The single-gender concept isn’t the only targeted effort underway at Butler; the district and outside organizations have concentrated resources on the middle school for years. Here are a few of those initiatives:

 


BOYS AND GIRLS CLUB BOLD AFTER-SCHOOL PROGRAM

The Boys & Girls Clubs’ BOLD — Building our Limitless Dreams — after-school program has been at Butler for six or seven years, said Barbara Burt, BOLD Project Director. Unlike a typical Team Up after-school program, all of the teachers are certified. BOLD mirrors the school day and keeps genders separate during its educational portion.

S.P. Livingston Elementary School and Butler, both located in the New Town Success Zone, are the only two BOLD locations. Burt said the purpose is to build relationships with families in the New Town community. A student could potentially participate in BOLD from kindergarten through eighth grade.

BOLD contracts with the War on Poverty to provide a parent organizer who hosts workshops for families at both schools. Topics include financial literacy, job training, budgeting and nutrition, Burt said.

 

NEW TOWN SUCCESS ZONE

The New Town Success Zone, a concentrated effort of public and private organizations in the neighborhood immediately surrounding Edward Waters College and including Butler and Livingston schools, supports the schools in numerous ways.

Irvin PeDro Cohen, the zone’s executive director, said New Town raised about $8,000 to pay for eighth-grade students to take trips as a part of their leadership experience course. The boys visited Morehouse College in Atlanta, and the girls were scheduled to visit Spelman College. The Spelman visit fell through due to scheduling issues, but the girls visited a theme park instead.

Cohen said New Town also provides kids with one-on-one college-aged mentors who spend at least one hour a week with their mentees and make at least one home visit a month. There are about 125 kids enrolled in the mentoring program.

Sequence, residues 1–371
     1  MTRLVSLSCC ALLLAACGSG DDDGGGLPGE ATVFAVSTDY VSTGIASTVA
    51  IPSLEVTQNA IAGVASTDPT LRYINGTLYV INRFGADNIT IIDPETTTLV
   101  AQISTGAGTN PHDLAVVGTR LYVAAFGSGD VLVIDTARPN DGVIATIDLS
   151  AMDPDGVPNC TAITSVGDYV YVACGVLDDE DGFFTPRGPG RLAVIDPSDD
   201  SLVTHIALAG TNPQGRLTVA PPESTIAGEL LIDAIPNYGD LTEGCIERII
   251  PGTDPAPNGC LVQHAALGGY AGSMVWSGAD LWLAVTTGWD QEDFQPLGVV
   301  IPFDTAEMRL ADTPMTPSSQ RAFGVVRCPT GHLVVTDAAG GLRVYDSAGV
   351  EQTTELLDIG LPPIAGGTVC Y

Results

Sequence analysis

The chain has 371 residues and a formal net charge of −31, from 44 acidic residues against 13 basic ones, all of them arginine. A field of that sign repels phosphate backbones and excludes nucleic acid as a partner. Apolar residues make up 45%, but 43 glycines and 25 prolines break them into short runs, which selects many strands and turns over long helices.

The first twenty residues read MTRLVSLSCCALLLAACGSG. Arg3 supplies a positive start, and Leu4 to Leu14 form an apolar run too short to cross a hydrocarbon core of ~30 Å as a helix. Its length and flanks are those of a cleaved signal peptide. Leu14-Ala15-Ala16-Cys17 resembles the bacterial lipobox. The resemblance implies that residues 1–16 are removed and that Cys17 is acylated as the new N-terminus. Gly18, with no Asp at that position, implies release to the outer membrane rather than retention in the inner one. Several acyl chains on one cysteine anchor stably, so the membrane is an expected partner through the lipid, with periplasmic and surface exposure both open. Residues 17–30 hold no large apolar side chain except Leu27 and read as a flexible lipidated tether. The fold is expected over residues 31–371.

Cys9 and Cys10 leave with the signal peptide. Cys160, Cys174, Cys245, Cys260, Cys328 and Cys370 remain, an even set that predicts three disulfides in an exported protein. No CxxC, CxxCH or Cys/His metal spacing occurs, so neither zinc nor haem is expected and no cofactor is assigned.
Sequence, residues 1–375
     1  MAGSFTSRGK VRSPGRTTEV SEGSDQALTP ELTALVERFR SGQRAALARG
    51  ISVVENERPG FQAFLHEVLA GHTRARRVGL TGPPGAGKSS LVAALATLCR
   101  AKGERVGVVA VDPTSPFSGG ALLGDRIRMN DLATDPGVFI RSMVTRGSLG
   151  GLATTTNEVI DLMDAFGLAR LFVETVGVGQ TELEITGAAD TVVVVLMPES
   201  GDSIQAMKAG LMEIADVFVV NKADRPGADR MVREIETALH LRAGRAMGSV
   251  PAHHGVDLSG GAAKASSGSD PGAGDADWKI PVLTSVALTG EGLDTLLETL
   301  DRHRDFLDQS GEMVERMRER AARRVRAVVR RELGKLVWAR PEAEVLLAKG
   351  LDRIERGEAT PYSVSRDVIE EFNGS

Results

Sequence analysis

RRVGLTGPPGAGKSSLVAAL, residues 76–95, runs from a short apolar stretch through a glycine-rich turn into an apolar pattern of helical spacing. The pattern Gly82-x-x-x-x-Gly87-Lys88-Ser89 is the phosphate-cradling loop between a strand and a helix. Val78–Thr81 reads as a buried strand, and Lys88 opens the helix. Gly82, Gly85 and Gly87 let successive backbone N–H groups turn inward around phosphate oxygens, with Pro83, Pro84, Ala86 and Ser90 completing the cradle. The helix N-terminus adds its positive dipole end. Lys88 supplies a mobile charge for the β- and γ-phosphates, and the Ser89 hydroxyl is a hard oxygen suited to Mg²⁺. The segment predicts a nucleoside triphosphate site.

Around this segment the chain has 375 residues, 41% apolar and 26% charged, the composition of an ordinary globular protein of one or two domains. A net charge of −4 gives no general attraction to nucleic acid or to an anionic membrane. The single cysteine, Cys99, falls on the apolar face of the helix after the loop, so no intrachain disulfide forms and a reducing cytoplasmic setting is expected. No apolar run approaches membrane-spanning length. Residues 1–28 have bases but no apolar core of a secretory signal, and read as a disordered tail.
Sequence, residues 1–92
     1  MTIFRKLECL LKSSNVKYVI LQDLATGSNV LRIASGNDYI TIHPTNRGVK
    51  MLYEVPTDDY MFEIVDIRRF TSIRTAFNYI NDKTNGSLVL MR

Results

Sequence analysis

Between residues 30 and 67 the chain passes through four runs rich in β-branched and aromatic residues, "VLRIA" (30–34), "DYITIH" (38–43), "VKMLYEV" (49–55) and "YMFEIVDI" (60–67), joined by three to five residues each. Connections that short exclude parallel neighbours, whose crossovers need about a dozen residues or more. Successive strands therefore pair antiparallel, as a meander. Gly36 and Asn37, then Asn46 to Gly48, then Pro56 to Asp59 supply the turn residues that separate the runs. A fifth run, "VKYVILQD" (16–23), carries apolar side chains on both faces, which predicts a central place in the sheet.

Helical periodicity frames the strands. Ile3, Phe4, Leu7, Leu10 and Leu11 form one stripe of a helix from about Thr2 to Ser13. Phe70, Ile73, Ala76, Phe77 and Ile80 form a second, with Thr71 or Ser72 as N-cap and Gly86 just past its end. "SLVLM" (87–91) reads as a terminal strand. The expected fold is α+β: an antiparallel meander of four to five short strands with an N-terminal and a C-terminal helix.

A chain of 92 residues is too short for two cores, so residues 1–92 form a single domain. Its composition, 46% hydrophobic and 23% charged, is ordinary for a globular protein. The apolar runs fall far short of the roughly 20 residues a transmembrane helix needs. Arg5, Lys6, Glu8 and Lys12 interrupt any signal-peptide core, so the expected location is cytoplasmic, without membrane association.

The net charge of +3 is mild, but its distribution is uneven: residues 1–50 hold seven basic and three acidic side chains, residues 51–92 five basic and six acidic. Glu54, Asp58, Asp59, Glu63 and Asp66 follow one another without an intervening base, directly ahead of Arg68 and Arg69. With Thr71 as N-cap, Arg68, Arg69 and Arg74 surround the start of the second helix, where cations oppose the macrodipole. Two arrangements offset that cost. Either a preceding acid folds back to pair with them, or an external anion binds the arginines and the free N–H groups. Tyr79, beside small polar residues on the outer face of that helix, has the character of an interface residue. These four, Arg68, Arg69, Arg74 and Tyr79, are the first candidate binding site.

TEACH FOR AMERICA

Teach for America expanded to Jacksonville in 2008 and has about 200 teachers in about 40 Duval schools, the majority of which are in transformational schools. There are currently seven Teach for America teachers at Butler and one program alumnus.

Butler also benefits from Kate Beatty, manager of teacher leadership development, who coaches Teach for America teachers at Butler and four other middle schools. Beatty is a former corps member at Butler, where she taught sixth-grade math. Now, her role involves anything from lesson planning to analyzing data and how to invest in student goals.

Beatty said Butler is a “magical place” and she would love to be an administrator there. Leadership, she said, can help motivate, push and coach great teachers to be the best they can be for their kids. Without that support, she said, the best teachers sometimes don’t stay in the classroom.

 

CITY YEAR

City Year began working in Butler in August 2013 after the school was selected in collaboration with Duval Schools’ strategic plan. It’s currently one of eight schools, four of which are middle schools, that receive the support of City Year AmeriCorps Members. There are 74 corps members in Duval schools, 11 at Butler. City Year also provides its team at Butler with a full-time program manager to lead the corps members’ service.

City Year provides students who scored in the bottom 35 percent of the previous academic year’s testing in English/language arts and math. They also aid students who struggle with attendance and behavior issues.